There have been suckler cows on this farm for as long as I can remember and if I’m honest I really enjoy keeping these animals.
Calving season started here for my spring-calving suckler cows in February. This is something that I look forward to every year.
It’s a new year and there is new life appearing on the farm. All of last year’s problems (around calving) are a fading memory and I start out hopeful that everything goes well.
I am also looking forward to seeing how my different bull selections (for the cows) has worked out.
Sometimes it works and sometimes it doesn’t, but that’s all part of the excitement
I am always keen to have better calves than the previous year, by choosing better bulls. Sometimes it works and sometimes it doesn’t, but that’s all part of the excitement.
Given the work and commitment I and many others have made to the sector for most of our lives, it saddens me to see the way some of our politicians have been very keen to vote in bad climate change legislation that has the potential to wipe out suckler cows from NI. Many of these same politicians will be relying on farmers to get re-elected at the next election.
It’s a struggle to understand how farmers could vote for politicians who seem to have no problem putting them out of business.
A really good suckler cow will produce one calf every year (very occasionally twins) and she will have to be well managed to achieve that
What a lot of farmers don’t realise is that those with suckler cows are going to find it really difficult to achieve net-zero emissions on their farms. A really good suckler cow will produce one calf every year (very occasionally twins) and she will have to be well managed to achieve that.
That’s it. Her one calf has to carry all the greenhouse gases produced on your farm, whether from fertiliser, fuel, meal, slurry, and not to mention the poor cow belching. That one calf is going to have its work cut out for it.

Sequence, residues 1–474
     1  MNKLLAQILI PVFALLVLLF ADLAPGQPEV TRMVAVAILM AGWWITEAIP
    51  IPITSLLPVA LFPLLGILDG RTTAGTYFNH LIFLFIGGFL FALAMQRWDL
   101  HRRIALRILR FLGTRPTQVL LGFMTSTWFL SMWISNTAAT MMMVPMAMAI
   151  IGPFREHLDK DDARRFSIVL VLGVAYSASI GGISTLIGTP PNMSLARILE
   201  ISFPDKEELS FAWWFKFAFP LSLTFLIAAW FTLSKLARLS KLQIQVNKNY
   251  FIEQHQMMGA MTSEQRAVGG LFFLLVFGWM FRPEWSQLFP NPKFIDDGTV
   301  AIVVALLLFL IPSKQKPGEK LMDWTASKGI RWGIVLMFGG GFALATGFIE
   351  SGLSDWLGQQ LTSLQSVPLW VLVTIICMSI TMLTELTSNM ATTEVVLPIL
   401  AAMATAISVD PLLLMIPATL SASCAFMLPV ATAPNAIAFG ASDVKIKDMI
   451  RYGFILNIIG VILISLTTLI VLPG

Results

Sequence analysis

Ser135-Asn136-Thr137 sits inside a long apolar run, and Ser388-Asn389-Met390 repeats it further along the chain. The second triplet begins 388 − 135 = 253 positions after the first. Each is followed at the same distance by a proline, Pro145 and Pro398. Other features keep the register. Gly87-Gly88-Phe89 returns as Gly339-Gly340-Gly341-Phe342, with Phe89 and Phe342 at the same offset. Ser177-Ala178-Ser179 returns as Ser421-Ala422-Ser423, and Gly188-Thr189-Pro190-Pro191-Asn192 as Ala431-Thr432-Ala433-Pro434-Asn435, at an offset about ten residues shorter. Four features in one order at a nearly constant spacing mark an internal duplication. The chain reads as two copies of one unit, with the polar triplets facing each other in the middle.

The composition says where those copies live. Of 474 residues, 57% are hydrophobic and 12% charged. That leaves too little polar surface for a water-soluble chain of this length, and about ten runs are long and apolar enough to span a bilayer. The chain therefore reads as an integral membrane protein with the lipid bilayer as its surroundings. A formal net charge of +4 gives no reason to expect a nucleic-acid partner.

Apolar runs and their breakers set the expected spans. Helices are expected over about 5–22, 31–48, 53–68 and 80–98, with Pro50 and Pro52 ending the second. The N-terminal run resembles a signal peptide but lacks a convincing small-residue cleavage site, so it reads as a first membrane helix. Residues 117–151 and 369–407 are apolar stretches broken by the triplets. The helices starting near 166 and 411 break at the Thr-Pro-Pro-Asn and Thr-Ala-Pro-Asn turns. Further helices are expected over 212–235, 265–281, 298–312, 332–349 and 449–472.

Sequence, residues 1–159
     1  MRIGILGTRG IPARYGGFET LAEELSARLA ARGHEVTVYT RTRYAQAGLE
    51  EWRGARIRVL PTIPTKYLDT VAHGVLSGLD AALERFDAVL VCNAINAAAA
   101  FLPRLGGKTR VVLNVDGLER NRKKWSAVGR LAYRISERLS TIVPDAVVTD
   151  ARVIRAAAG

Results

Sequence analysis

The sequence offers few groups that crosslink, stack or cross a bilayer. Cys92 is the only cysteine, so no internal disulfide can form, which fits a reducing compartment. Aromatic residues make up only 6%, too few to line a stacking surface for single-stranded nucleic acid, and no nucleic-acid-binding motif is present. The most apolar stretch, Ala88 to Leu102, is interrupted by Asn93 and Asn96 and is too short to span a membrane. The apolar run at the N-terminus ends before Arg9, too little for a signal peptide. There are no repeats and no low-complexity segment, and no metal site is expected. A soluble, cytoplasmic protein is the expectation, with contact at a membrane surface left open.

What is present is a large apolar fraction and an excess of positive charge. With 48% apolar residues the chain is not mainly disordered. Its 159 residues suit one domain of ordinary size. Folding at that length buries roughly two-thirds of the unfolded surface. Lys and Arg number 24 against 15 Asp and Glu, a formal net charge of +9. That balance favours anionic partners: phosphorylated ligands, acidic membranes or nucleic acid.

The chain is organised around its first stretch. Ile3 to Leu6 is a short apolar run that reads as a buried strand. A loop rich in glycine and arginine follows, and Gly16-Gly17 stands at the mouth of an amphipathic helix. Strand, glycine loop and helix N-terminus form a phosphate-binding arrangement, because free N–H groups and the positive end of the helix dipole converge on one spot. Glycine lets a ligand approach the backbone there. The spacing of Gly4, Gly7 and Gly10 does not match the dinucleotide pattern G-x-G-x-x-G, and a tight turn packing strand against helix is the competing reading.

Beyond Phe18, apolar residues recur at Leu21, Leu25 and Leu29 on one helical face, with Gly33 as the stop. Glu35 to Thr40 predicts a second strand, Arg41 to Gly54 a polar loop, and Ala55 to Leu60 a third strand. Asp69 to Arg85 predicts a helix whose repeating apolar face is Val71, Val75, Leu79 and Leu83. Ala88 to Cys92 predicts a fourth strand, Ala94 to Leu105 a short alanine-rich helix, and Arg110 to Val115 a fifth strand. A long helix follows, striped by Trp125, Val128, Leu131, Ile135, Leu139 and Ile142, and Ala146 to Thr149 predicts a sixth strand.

My cows all have a calf every year (they are sold if they don’t) and I calve my heifers under 24 months. I use the best genetics I can get my hands on and I’m trying to be as efficient as I can. So, I’m probably in a better position than a lot of other suckler farmers, but if politicians continue to ignore the best scientific advice, I’m struggling to see a future in suckler cows.
Calving has started here at a brisk pace with calves coming thick and fast
I’m normally a very positive person but it is really disappointing to see the way that some of our politicians seem to have cast us aside like a piece of dirt on their shoe.
But back to the day job. Calving has started here at a brisk pace with calves coming thick and fast.
It has generally been fine with only a couple of issues, including two cows that calved early, and retained their afterbirth.
The main issue so far was a cow I had been watching on the camera for five or six hours. She was getting up and down and pressing but nothing was appearing. We then decided to have a look and discovered it was a twisted calf bed.
I have seen this on numerous occasions, and I still can’t work out what causes it. I was not able to untwist it, so I called the vet. She had it sorted in half an hour.